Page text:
Political asylum is an application approved by U.S. Citizenship and Immigration Services (USCIS), an agency in the U.S. Department of Homeland Security (DHS), that permits an applicant to seek protection from persecution in their country of nationality.
To be validated:
- That the application has been filed within one year of entry into the United States (there are some exemptions to this rule, but normally this is required).
- That the applicant is afraid of being persecuted in his or her country of nationality because of race, spiritual beliefs, political thoughts and opinions, national origin or membership in a specific social group (for instance, women who have been or risk being subjected to forced circumcision or individuals who face persecution due to sexual preference).
- That the applicant has experienced mistreatment on one of these bases previously or there is a high probability of future persecution on any of these bases.
If granted, political asylum provides legal status and employment authorization in the United States in addition to access to a refugee travel document for international travel.
One year from approval, a person given political asylum can apply to become a lawful permanent resident. Also, after three years and nine months from approval, assuming all good moral character and time requirements have been fulfilled, the person can apply to become a U.S. citizen.
Persecution is a term without a statutory definition in U.S. immigration law. It generally cannot be mere harassment or poor circumstance. It must be something more, such as human rights violations, torture, unlawful or political detention, physical violence, or infliction of serious emotional distress.
Threats of harm can also rise to the level of persecution, especially if others similarly situated to an applicant have experienced documented persecution much like that threatened against an applicant by a similar person.
Economic distress and harassment can also be deemed persecution if to the level of persecution, even if considered independently the incidents may not be major enough to qualify.
The actor of the persecution must be a person that is either from the government itself, or from a group of people or party that the government is unable or unwilling to handle.
Verifying this is often difficult.
Also, an applicant must identify why he or she was specifically targeted by the persecutor. The actions and the actor’s motivation for the persecution must be on one of the protected grounds listed above.
Political asylum is usually not available to someone who cannot prove he or she will be specifically targeted for persecution on the grounds listed above. General strife and inadequate country conditions alone do not bring about an asylum application approval.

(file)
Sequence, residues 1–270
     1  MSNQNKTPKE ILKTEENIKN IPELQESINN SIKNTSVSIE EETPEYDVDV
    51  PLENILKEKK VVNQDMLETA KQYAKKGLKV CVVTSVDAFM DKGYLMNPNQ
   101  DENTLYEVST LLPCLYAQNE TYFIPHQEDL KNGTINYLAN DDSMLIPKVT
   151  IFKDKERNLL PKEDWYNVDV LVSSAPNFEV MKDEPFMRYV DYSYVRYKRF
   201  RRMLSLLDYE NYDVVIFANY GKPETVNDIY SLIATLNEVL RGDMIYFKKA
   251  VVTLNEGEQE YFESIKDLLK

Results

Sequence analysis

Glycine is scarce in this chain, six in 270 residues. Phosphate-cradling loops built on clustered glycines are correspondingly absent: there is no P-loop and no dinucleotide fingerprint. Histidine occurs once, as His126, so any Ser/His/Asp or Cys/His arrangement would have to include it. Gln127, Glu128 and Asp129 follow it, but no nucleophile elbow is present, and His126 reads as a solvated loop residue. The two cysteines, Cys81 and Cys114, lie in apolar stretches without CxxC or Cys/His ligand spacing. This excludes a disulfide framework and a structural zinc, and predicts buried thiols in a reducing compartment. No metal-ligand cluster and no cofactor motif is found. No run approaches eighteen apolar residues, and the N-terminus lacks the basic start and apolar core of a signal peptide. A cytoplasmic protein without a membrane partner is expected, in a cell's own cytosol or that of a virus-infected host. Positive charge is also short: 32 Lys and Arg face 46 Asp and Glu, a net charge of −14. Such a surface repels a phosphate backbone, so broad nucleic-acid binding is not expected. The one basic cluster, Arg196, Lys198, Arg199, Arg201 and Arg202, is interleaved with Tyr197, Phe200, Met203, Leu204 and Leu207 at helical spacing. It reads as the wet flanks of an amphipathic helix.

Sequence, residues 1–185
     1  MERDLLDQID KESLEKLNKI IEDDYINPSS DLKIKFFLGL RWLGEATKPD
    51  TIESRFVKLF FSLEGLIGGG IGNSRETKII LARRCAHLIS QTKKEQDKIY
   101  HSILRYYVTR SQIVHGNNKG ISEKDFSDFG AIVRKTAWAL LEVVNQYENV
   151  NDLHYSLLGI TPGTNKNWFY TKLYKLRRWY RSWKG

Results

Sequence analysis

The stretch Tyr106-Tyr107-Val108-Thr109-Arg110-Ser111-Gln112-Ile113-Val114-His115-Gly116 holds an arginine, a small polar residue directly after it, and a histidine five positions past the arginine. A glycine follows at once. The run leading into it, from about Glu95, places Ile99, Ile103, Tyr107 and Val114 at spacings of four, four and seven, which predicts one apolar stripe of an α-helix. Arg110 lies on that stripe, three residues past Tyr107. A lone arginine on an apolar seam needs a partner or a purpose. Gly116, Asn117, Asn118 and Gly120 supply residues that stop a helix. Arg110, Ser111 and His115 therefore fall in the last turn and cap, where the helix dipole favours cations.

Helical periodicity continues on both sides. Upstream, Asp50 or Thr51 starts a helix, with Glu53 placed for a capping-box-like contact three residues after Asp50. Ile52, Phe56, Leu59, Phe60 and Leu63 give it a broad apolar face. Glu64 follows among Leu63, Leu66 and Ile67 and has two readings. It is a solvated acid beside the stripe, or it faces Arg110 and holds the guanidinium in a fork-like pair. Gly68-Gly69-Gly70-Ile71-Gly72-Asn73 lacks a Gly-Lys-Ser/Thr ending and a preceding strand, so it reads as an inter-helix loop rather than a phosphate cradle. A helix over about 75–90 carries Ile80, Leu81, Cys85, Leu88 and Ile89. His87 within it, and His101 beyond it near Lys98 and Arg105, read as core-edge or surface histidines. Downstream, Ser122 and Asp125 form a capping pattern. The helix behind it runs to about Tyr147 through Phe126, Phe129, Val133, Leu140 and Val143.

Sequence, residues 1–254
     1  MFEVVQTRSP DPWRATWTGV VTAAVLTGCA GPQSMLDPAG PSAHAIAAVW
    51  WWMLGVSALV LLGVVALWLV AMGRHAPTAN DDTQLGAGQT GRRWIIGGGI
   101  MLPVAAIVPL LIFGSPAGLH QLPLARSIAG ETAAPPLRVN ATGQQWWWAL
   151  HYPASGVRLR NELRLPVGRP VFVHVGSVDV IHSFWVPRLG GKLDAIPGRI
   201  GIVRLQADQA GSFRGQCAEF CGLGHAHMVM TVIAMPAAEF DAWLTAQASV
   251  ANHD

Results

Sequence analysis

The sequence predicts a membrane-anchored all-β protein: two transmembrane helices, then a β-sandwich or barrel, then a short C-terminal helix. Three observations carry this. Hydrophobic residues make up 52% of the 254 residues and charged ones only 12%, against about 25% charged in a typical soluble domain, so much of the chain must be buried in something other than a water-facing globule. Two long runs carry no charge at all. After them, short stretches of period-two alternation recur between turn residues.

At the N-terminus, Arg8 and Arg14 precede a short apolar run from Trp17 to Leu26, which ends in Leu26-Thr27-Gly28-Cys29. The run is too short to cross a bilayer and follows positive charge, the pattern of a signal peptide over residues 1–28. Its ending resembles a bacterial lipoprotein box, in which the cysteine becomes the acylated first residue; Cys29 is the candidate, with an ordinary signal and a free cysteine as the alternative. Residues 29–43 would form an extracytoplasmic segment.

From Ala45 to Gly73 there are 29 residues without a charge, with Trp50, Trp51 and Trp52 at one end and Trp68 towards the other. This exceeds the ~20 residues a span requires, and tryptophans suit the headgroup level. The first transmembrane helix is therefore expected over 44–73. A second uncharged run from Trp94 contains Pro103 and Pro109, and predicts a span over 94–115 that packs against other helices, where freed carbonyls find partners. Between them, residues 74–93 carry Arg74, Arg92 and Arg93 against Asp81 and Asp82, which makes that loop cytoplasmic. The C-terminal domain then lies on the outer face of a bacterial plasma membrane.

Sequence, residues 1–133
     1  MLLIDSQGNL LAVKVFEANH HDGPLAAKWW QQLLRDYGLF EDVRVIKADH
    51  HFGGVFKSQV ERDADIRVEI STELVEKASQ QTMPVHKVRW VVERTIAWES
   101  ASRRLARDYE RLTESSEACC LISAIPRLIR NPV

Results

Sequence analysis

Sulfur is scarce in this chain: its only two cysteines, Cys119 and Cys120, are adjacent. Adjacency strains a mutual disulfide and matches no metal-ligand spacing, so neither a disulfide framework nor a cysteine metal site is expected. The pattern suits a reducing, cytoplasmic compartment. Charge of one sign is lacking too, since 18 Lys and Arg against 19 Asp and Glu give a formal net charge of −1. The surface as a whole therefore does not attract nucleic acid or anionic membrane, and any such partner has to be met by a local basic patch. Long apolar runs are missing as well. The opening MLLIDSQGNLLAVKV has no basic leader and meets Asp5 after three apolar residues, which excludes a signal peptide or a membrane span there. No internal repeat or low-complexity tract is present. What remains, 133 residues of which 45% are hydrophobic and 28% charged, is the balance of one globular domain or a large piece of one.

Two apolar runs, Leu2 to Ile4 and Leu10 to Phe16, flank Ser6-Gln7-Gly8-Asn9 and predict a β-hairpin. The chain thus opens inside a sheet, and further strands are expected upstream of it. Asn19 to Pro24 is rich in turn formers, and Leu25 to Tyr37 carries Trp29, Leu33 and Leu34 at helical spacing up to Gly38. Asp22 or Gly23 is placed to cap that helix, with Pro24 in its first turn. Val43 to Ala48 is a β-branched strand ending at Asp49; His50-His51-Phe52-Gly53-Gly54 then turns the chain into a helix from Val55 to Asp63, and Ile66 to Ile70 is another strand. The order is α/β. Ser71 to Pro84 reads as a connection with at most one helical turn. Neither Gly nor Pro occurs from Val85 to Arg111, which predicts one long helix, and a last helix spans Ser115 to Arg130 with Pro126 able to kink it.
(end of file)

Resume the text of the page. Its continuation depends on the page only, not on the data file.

An applicant must be willing to verify that he or she has a risk of being specifically targeted for persecution, by whom and on what grounds.
The application is filed with a USCIS regional service center, and is then advanced to a regional USCIS Asylum Office to be booked for interview. The applicant will go to the interview to reveal to the asylum officer why he or she is scared to return to his or her country.
The explanation in the interview must verify other information provided, including the application, any supporting statement and all evidence provided for the applicant to have a chance for approval.
More often than not, an answer is withheld at the interview, and the applicant will be expected to plan to either come again to the office to pick up the judgment or the decision may in some cases be mailed.
Credibility is a considerable issue in political asylum law and policy in the United States. The person can be successful on his or her statement on its own if it is sufficiently detailed, plausible and credible.
However, the law also mandates an applicant provide documentation that should reasonably be expected to be available and obtainable. If an adjudicator, either an asylum officer or an immigration judge, finds that reasonably accessible evidence was not provided, that could be a justification for denial.
If the person does not qualify for political asylum, for example, because the application was not filed within one year of entry into the United States, there are similar applications that may be considered to seek protection from torture or persecution.
One is withholding of removal, which is only available to people facing deportation from the United States.
The other is relief under the Convention Against Torture. While these both provide protection from deportation and employment authorization, they do not result in permanent residence. The standard of proof is higher as well. An applicant must establish by a preponderance of the proof that the persecution will occur, who will commit it and why.
While an application for political asylum can be difficult to win, those facing persecution may find it to be their only choice.
Garry L. Davis, managing attorney for Davis & Associates, an immigration law firm, graduated from the University of Texas School of Law and Brigham Young University. Board certified in immigration and nationality law by the Texas Board of Legal Specialization, he has been selected as a Texas Super Lawyer and for Best Lawyers in America. He served the American Immigration Lawyers Association as the Dallas immigration court liaison and as program co-director for a Texas chapter CLE conference held in Mexico. He has frequently spoken on immigration issues by various organizations.
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